Ce diaporama a bien été signalé.
Nous utilisons votre profil LinkedIn et vos données d’activité pour vous proposer des publicités personnalisées et pertinentes. Vous pouvez changer vos préférences de publicités à tout moment.
RNA & Protein Synthesis
Uracil
Hydrogen bonds
Adenine
Ribose
RNA
Basic components of RNA
 Ribonucleic acid
consists of following
basic components
 1- Ribose sugar
 2- Phosphate in
dies...
Primary structure of RNA
 Although there are
multiple types of RNA
molecules, the basic
structure of all RNA is
similar.
...
Secondary structure of RNA
 Single-stranded RNA can
also form many
secondary structures in
which a single RNA
molecule fo...
DNA can replicate or
undergo transcription
 Replication-it is process by which DNA copies itself
to produce identical dau...
DNA RNA
Structure Double
Stranded
Single Stranded
Bases- Purines Adenine (A) Adenine (A)
Guanine (G) Guanine (G)
Bases -
P...
Types of RNA
1) messenger RNA (mRNA)- carries
instructions from the DNA in the
nucleus to the ribosome
Types of RNA
2) ribosomal RNA (rRNA)-
combines with proteins to
form the ribosome (proteins
made here)
3) transfer RNA (tR...
Types of RNA
 4 ) snRNA – small nuclear RNA
 5) snoRNA- small nucleolar RNA
 6) scRNA- small cytoplasmic RNA
 7) micro...
Protein Synthesis Overview
There are two steps to making
proteins (protein synthesis):
1) Transcription (nucleus)
DNA RNA...
 DNA
 Transcription
 RNA
 Translation
 Protein
 Conventional concept
 Genome
 Transcription
 Transcriptome
 Tran...
Proteins.
 Everything a cell is or does depends on the
proteins it contains.
From genes to proteins.
 Two steps – Transcription , Translation.
Transcription
RNA
DNA
RNA
polymerase
Adenine (DNA and RNA)
Cytosine (DNA and RNA)
Guanine(DNA and RNA)
Thymine (DNA only)
...
TRANSCRIPTION
 It is a process by which RNA is synthesize from
DNA. The genetic information stored in DNA is
expressed th...
Transcription
RNA Editing: Before the mRNA leaves the
nucleus, it is called pre-mRNA or (hnRNA)
heterogeneous nuclear RNA ...
Transcription
1) Transcription begins when the
enzyme RNA polymerase binds to
DNA at a promoter region.
Promoters are sign...
Transcription
3) RNA polymerase pairs up free
floating RNA nucleotides with
DNA template and joins the
nucleotides togethe...
Steps of transcription
 Initiation
 Elongation
 Termination
 post – transcriptional modifications
 The RNAs produced ...
Cell
Nucleus
Cell
Nucleus
Nucleus
Chromosome
Key
= Phosphate
= Sugar
= Uracil
= Adenine
= Guanine
= Cytosine
RNA
Polymerase
3’ 5’
Key
= Phosphate
= Sugar
= Uracil
= Adenine
= Guanine
= Cytosine
RNA
Polymerase
3’ 5’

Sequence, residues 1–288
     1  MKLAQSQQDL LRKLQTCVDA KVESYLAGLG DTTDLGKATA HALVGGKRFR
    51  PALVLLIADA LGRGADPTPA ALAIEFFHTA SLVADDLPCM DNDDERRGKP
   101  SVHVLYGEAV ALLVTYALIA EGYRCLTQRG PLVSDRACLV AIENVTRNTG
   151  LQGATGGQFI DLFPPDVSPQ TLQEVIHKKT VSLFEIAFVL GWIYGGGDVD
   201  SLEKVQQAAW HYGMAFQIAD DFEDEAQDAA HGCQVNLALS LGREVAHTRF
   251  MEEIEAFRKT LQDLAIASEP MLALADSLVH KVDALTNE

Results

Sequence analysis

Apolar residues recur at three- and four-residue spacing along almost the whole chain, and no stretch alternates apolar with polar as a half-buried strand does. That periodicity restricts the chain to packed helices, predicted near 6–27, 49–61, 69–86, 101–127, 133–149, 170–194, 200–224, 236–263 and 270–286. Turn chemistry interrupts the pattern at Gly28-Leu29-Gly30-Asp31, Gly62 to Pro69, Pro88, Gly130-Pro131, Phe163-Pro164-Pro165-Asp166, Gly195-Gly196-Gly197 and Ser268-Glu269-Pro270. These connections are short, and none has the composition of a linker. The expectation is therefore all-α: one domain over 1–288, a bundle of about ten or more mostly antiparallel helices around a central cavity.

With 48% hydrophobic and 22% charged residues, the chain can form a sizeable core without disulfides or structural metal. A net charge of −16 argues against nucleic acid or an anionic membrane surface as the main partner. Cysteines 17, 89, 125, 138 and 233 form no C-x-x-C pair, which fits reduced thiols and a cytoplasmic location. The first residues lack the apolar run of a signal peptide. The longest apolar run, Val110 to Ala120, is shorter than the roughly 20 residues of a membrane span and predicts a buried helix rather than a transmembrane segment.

Key
= Phosphate
= Sugar
= Uracil
= Adenine
= Guanine
= Cytosine
RNA
Polymerase
3’ 5’
Key
= Phosphate
= Sugar
= Uracil
= Adenine
= Guanine
= Cytosine
RNA
Polymerase =
3’ 5’
Key
= Phosphate
= Sugar
= Uracil
= Adenine
= Guanine
= Cytosine
RNA
Polymerase =
3’ 5’
Key
= Phosphate
= Sugar
= Uracil
= Adenine
= Guanine
= Cytosine
RNA
Polymerase =
3’ 5’
mRNA Strand =
Key
= Phosphate
= Sugar
= Uracil
= Adenine
= Guanine
= Cytosine
RNA
Polymerase =mRNA Strand =
3’ 5’
On average rate of RNA
synthesis is about 43
nucleotides per second .
TRANSCRIPTION-COMPLIMENTARY BASE
PAIR RELATIONSHIP
 DNA 5’ A T G C A T G G C A 3’ CODING STRAND
 3’ T A C G T A C C G T ...
The conventional numbering system of promoters
Bases preceding
this are numbered
in a negative
direction
There is no base
...
Promoter sites
 In eukaryotes promoter DNA bases sequences known as HOGNESS BOX or
TATA BOX located on the left about 25 ...
Copyright ©The McGraw-Hill Companies, Inc. Permission required for reproduction or display
 Eukaryotic promoter sequences...
 Factors that control gene expression can be divided
into two types, based on their “location”
 cis-acting elements
 DN...
Signals the end of
protein synthesis
Usually
an
adenine
 The core promoter is relatively short
 It consists of the TATA box
 Important in determining the pr...
 Regulatory elements affect the binding of RNA polymerase
to the promoter
 They are of two types
 Enhancers
 Stimulate...
RNA polymerases
 RNA polymerase I- synthesis of precursors of large
ribosomal RNAs.
 RNA polymerases II- synthesizes the...
Copyright ©The McGraw-Hill Companies, Inc. Permission required for reproduction or display
 Three categories of proteins ...
Copyright ©The McGraw-Hill Companies, Inc. Permission required for reproduction or display
A closed
complex
Released
after the
open
complex
is formed
RNA poly II can
now proceed to
the elongation
stage
12-23
Figure 12.7
12-26
Similar to the
synthesis of DNA
via DNA polymerase
Figure 12.8
On average, the rate of
RNA synthesis is about 43
nuc...
‘promoter’ Protein coding
Difference in gene structure between
- prokaryote
- eukaryote
core
‘promoter’
An important diffe...
Pre-mRNA
Transcription start, elongation, termination and RNA
processing in eukaryotes
: coding protein
: non-coding prote...
TERMINATION
 Transcription stops by termination signals. Two
types of termination identified.
 Rho depended- specific pr...
 coding sequences, called exons, are interrupted by
intervening sequences or introns
 Transcription produces the entire ...
 Aside from splicing, RNA transcripts can be modified
in several ways
 For example
 Trimming of rRNA and tRNA transcrip...
RNA Editing
 Introns are removed and extrons are spliced
 The spliceosome is a large complex that splices
pre-mRNA
 It is composed of several subunits known as
snRNPs (pronounce...
 The subunits of a spliceosome carry out several
functions
 1. Bind to an intron sequence and precisely recognize
the in...
Intron loops out and
exons brought closer
together
Intron will be degraded and
the snRNPs used again
 One benefit of genes with introns is a phenomenon
called alternative splicing
 A pre-mRNA with multiple introns can be ...
 The biological advantage of alternative splicing is
that two (or more) polypeptides can be derived